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Introduction: Crohn’s disease is a panintestinal chronic
inflammatory condition. Its remitting-relapsing behaviour
may require in the single patient repeated surgeries, with
the aim of resolving the complications of the disease. The
awereness that surgery cannot resolve the disease has led, in
the last years, to the development of new “conservative surgical
techniques”, which preserve as much of the intestinal
tissue as possible. These techniques are minimal resection
and strictureplasty (SP). Aim of the study was to perform
a prospective analysis of the long-term outcome of SP in a
consecutive series of patients undergoing surgery for complicated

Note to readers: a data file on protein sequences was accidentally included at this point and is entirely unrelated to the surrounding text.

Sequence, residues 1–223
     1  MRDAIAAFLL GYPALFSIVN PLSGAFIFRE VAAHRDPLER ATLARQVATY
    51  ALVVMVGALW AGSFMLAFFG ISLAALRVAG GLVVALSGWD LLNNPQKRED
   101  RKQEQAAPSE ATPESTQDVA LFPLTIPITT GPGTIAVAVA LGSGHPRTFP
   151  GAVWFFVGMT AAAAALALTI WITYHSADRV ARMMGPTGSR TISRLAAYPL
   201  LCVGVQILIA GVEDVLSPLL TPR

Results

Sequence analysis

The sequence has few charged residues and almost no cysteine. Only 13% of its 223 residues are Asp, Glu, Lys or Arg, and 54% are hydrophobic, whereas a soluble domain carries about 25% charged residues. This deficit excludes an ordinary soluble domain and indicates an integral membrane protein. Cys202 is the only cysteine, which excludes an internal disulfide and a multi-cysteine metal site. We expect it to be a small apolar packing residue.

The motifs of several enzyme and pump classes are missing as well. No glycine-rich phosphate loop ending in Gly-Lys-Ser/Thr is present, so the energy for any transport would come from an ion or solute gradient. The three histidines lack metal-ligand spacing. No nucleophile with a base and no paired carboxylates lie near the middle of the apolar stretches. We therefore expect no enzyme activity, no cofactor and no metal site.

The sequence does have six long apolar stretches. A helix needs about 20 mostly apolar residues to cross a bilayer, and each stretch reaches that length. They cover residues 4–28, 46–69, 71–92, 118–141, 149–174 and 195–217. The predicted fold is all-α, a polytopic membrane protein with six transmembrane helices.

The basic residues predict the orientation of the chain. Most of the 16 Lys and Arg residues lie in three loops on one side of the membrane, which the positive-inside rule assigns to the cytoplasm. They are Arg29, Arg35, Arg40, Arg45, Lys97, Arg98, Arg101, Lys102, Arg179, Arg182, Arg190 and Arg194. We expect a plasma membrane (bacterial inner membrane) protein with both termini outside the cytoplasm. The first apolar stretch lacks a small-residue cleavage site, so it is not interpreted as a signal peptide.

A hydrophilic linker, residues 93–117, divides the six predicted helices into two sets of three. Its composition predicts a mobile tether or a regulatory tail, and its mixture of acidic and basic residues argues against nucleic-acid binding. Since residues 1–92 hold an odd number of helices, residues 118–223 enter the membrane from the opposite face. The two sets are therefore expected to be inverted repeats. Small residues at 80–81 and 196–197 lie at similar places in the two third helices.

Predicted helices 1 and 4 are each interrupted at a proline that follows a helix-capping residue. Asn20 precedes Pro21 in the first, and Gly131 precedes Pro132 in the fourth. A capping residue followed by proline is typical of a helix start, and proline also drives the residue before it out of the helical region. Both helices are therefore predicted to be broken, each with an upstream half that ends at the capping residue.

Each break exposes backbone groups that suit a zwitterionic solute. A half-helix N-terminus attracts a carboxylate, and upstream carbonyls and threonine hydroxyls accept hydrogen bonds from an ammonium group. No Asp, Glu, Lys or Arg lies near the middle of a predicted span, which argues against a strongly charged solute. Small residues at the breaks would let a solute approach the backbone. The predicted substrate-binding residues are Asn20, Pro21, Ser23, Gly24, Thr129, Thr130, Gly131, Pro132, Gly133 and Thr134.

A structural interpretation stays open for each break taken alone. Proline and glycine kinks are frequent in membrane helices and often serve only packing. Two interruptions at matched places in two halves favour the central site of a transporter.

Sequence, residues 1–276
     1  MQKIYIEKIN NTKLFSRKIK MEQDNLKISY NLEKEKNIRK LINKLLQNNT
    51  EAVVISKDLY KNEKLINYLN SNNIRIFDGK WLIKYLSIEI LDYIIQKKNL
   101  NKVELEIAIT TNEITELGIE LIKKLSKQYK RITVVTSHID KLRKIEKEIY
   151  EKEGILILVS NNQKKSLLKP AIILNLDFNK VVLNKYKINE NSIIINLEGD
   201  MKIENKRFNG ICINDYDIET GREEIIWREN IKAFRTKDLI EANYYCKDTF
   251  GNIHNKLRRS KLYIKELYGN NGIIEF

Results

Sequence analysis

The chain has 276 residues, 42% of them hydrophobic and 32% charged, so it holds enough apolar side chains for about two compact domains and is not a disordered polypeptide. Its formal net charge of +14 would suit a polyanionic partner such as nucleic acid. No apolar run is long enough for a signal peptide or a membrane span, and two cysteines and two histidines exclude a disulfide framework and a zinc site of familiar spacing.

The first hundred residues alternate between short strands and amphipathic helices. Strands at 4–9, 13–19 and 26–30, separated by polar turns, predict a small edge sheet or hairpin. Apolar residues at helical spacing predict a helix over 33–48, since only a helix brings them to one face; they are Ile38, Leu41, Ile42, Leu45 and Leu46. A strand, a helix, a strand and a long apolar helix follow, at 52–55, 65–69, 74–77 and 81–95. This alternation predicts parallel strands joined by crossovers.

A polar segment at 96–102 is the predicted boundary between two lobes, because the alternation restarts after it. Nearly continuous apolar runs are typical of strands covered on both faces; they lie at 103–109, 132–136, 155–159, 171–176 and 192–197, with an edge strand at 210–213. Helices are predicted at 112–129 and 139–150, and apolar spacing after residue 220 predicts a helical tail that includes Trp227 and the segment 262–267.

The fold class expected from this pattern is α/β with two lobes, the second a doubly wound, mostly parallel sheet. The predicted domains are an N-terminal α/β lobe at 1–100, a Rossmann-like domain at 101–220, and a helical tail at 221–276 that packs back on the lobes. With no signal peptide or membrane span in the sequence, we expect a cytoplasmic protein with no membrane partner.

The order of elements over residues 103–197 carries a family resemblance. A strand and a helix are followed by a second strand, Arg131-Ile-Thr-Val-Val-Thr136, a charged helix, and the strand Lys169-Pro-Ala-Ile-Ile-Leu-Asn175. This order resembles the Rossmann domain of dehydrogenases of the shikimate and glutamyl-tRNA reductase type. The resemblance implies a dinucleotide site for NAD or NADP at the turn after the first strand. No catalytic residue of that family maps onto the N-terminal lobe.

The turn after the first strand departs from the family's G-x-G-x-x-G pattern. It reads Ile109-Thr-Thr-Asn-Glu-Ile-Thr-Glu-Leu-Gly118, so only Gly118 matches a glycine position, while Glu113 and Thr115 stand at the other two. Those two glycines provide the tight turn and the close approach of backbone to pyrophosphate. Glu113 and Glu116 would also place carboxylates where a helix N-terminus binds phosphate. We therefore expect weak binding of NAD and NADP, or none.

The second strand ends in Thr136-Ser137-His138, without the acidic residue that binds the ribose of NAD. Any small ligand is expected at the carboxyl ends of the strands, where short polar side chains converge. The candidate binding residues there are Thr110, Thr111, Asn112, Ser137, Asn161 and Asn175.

Crohn’s Disease at the Division of general surgery,
L. Sacco University Hospital, Milano, Italia.
Methods and Results: During the period of October 1992
to June 2002, 286 patients underwent surgical procedures
for jejunoileal Crohn’s disease. 116 of them underwent SP
resulting in a total of 217 procedures, of which: 111
Heineke-Mikulicz SP (51.2%), 36 ileoileal side-to-side SP
(16.6%), 40 ileoceacal SP (18.4%) and the remaining 30
ileocolic SP (13.8%), as previously described by A.M.
Taschieri. Fiftyone of the patients (23.5%) had concomitantly
a minimal bowel resection. Postoperative mortality
was nil, while in 3 cases (2.59%) repeated surgery was
necessary due to postsurgical complications. Time-to-event
estimates were performed using the Kaplan-Meier function.
Conclusions: mortality, morbidity, and long-term results in
this population of patients who underwent SP are encouraging
and in line with reports in the international literature.
It is suggested that SP, together with minimal bowel
resections, may be considered as first line surgical therapy
in patients with Crohn’s Disease.